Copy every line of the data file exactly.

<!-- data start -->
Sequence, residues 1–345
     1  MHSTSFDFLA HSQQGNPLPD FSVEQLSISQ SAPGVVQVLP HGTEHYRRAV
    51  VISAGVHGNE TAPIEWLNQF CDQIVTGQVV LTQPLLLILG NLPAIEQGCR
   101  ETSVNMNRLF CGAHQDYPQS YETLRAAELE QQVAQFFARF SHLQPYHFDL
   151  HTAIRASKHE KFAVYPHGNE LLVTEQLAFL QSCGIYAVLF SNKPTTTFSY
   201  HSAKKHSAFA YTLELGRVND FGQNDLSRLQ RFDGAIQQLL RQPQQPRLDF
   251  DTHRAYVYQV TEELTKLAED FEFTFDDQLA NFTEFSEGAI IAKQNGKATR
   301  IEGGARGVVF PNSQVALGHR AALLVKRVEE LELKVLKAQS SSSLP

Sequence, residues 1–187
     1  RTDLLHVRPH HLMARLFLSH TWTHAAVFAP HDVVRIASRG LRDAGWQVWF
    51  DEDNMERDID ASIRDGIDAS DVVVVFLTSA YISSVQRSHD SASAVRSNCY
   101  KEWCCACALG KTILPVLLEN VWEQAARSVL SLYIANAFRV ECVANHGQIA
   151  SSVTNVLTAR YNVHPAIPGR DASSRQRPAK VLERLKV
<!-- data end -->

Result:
Sequence, residues 1–345
     1  MHSTSFDFLA HSQQGNPLPD FSVEQLSISQ SAPGVVQVLP HGTEHYRRAV
    51  VISAGVHGNE TAPIEWLNQF CDQIVTGQVV LTQPLLLILG NLPAIEQGCR
   101  ETSVNMNRLF CGAHQDYPQS YETLRAAELE QQVAQFFARF SHLQPYHFDL
   151  HTAIRASKHE KFAVYPHGNE LLVTEQLAFL QSCGIYAVLF SNKPTTTFSY
   201  HSAKKHSAFA YTLELGRVND FGQNDLSRLQ RFDGAIQQLL RQPQQPRLDF
   251  DTHRAYVYQV TEELTKLAED FEFTFDDQLA NFTEFSEGAI IAKQNGKATR
   301  IEGGARGVVF PNSQVALGHR AALLVKRVEE LELKVLKAQS SSSLP

Sequence, residues 1–187
     1  RTDLLHVRPH HLMARLFLSH TWTHAAVFAP HDVVRIASRG LRDAGWQVWF
    51  DEDNMERDID ASIRDGIDAS DVVVVFLTSA YISSVQRSHD SASAVRSNCY
   101  KEWCCACALG KTILPVLLEN VWEQAARSVL SLYIANAFRV ECVANHGQIA
   151  SSVTNVLTAR YNVHPAIPGR DASSRQRPAK VLERLKV